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Stella Nyanzi, left, sits in court during a trial to face charges of cyber-harassment and offensives communication after using her Facebook account to call President Museveni a "pair of buttocks.”GAEL GRILHOT/AFP / Getty Images

When she first aroused the government's ire with her Facebook taunts, Stella Nyanzi says she was merely tickling the leopard.

The leopard is President Yoweri Museveni, who has ruled Uganda for 31 years. And Ms. Nyanzi is the fearless heckler who has tormented the powerful beast.

It's a typically vivid image from the exuberant Ugandan scholar and feminist, who speaks in a rich stew of metaphor, profanity, rude insults and bawdy humour – in several languages. It has made her a star on Facebook, where thousands of Ugandans are obsessed with her earthy language and bold criticism of the regime.

Last month, one of those metaphors landed her in prison. In an audacious assault, Ms. Nyanzi denounced the President as a "pair of buttocks" who does "what buttocks do." She was arrested and imprisoned for five weeks on charges of "offensive" communication and "disturbing the peace" of the President.

Even after her release on bail, Ugandan prosecutors continue to demand that she be subjected to a psychiatric evaluation under the terms of a rarely used colonial-era law. Their implication – that she must be insane for criticizing their ruler – is reminiscent of the Soviet Union's widespread practice of sending dissidents to psychiatric hospitals.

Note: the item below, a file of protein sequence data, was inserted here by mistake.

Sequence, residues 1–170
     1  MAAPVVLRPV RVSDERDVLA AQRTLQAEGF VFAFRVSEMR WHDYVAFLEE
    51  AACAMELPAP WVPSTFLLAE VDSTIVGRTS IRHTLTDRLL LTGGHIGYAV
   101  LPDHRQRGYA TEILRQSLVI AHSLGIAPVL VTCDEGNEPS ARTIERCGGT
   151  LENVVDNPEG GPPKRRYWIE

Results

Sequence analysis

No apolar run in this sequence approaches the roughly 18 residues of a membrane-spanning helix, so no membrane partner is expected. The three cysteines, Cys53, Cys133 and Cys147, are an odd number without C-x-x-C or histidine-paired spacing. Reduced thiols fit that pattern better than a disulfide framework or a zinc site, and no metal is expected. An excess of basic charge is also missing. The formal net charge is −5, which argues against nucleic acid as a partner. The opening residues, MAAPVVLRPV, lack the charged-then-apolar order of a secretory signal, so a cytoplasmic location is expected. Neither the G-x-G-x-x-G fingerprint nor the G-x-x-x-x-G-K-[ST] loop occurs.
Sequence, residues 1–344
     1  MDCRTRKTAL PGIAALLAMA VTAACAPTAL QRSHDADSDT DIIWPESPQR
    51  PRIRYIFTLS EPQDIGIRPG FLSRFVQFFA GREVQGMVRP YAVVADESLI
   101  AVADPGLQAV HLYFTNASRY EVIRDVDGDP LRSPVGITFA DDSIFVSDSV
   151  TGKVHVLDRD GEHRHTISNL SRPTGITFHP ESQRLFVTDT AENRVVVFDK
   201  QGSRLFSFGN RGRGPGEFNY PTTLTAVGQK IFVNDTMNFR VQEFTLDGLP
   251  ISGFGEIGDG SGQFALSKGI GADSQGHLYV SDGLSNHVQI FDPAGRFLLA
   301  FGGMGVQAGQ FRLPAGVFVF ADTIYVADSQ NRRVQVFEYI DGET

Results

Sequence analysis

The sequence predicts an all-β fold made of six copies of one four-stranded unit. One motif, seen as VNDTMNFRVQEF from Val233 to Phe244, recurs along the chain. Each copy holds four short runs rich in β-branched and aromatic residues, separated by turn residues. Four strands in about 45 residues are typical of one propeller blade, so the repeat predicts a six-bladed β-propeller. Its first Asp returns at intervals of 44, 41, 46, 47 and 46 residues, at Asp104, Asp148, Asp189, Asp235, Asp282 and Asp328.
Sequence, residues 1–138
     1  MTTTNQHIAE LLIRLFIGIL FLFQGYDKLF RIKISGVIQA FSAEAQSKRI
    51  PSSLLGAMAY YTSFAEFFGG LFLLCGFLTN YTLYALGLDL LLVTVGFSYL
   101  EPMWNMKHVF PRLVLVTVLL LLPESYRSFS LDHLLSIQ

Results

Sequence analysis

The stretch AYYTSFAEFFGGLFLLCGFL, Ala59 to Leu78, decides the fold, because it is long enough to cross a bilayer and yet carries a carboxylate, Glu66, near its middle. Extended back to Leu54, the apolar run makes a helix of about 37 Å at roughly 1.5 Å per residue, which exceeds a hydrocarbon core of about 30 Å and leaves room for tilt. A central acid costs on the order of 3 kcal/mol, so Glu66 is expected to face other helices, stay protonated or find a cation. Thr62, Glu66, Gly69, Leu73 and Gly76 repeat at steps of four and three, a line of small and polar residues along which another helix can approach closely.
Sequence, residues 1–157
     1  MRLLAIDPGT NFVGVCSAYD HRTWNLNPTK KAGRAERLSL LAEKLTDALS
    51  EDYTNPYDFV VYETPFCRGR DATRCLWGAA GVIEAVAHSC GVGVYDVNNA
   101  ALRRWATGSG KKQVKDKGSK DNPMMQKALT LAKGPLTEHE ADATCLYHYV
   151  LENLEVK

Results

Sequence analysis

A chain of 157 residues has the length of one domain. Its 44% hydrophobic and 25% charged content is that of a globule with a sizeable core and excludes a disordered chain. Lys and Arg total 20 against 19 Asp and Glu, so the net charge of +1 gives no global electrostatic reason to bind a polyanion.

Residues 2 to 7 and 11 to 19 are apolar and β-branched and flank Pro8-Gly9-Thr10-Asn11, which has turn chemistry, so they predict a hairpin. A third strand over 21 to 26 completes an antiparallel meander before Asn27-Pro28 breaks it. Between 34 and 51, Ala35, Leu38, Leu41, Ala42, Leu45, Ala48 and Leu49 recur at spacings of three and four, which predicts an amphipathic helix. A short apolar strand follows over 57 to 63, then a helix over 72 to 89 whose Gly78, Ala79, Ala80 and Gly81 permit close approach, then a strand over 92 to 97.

Ms. Nyanzi's story is a cocktail of issues that provoke controversy here: human rights, freedom of expression, feminism, cultural taboos and the rise of social media. But at the heart of it all is her imaginative use of language and her fierce defiance of the perceived limits for Ugandan women.

In her first media interview since her prison ordeal, she told The Globe and Mail how she challenged the traditional Ugandan notion of women's roles.

"Uganda was colonized and Christianized by the British," she said, laughing. "We were brought up to be good girls, to be decent, to be polite, to speak nicely to authority. Women here are not to be heard, they shut up, they don't speak, they're to be seen as beautiful."

Some observers have described her style as "radical rudeness." But it has won strong support from Uganda's literary community. In a petition in her defence, 68 Ugandan writers said they were shocked that Ms. Nyanzi would face criminal charges for "her deployment of a metaphor."

They warned that the criminalization of language could have a chilling effect on writers. If the use of literary devices can lead to criminal prosecution, they said, it would mean that "we are unable to express ourselves creatively, to contribute to our country's literary and cultural wealth."

Ms. Nyanzi, an anthropologist and research fellow at Makerere University in Kampala, erupted in gales of laughter as she described how her words are replaced by bleeps on radio and television reports. But the truth, she said, is that language is her "soft ammunition" in a non-violent struggle.

"What other avenues do we have left to us?" she asked. "We don't have guns or money. But I can still write and think and insult and abuse."